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This Article begins by reviewing the purposes for federal water projects, and identifies some of the trade-offs involved in operating projects for certain purposes. It then addresses the legal factors that determine or influence project operations, beginning with project authorizing statutes and ending with federal environmental laws. The Article examines Corps and Bureau policies regarding project operating plans, the reasons for agency reluctance to review and revise their plans, and some of the factors that prompt the agencies to proceed with reviews. It then summarizes periodic review requirements in two analogous contexts—federal land management plans, and hydropower project licenses—and considers the potential significance of these requirements for federal water projects. Finally, the Article examines what the Corps and the Bureau, along with the courts and Congress, are already doing on this issue, and what more they could do to ensure that project operating plans are reviewed and revised. It concludes with some brief observations about why the agencies should proceed with such reviews.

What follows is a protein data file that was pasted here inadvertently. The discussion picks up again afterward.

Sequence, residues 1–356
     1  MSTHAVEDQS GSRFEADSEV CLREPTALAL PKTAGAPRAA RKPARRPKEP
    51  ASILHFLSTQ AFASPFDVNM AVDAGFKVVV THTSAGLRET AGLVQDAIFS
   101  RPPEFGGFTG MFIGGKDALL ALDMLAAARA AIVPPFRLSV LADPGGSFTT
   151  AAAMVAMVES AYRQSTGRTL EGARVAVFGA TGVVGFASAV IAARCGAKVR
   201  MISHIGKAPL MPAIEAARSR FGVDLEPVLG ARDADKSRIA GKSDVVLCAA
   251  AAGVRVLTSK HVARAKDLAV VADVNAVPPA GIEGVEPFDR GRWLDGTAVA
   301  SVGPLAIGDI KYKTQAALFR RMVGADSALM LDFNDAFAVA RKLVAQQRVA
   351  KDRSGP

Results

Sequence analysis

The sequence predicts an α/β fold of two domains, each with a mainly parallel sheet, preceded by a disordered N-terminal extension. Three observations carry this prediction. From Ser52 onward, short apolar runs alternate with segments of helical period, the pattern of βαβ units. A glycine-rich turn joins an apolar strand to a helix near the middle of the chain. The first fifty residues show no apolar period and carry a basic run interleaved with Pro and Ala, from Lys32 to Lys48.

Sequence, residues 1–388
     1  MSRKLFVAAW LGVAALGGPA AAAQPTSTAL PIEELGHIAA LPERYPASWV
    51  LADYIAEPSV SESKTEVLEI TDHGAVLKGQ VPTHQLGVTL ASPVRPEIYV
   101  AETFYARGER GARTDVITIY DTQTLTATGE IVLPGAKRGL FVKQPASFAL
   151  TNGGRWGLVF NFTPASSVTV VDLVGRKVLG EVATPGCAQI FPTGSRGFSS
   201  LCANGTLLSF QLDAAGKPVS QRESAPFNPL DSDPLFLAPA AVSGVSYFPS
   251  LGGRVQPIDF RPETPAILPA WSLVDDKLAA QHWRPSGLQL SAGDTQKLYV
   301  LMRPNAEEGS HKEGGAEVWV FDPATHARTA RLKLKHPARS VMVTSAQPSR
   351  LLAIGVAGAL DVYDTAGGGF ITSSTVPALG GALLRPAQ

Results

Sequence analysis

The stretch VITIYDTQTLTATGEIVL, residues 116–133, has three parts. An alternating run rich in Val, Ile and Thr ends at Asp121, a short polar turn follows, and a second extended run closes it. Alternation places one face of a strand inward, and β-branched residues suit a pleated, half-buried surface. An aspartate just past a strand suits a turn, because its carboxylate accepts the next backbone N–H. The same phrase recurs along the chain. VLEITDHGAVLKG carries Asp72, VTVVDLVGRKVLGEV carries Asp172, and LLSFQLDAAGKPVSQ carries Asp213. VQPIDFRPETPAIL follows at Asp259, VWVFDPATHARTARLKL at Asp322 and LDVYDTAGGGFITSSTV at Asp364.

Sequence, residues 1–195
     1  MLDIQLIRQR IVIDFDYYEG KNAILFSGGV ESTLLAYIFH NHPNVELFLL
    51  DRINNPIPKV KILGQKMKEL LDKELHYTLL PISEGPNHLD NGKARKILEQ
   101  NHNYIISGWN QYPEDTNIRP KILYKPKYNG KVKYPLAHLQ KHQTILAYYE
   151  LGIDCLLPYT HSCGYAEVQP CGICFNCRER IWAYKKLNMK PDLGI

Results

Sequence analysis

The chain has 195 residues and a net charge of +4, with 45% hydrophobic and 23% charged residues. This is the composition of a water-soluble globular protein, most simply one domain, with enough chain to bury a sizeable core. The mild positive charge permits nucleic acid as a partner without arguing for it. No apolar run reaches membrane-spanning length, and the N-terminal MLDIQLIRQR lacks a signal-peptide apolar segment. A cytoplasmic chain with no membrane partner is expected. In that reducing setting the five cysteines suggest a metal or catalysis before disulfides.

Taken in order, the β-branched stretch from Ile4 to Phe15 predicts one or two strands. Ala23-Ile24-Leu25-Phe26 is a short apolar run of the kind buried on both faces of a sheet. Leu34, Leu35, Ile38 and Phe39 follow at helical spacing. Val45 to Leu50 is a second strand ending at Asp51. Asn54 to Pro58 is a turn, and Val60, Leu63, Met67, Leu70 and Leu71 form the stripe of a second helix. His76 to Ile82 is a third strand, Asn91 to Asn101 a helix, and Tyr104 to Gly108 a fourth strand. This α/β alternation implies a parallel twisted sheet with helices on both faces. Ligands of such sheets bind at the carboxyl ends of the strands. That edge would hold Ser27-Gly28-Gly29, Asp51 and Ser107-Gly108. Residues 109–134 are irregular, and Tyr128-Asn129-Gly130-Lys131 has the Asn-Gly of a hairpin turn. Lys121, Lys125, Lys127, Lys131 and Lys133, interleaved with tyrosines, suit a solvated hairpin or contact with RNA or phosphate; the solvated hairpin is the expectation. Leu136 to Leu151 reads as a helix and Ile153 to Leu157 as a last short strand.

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Columbia Journal of Environmental Law





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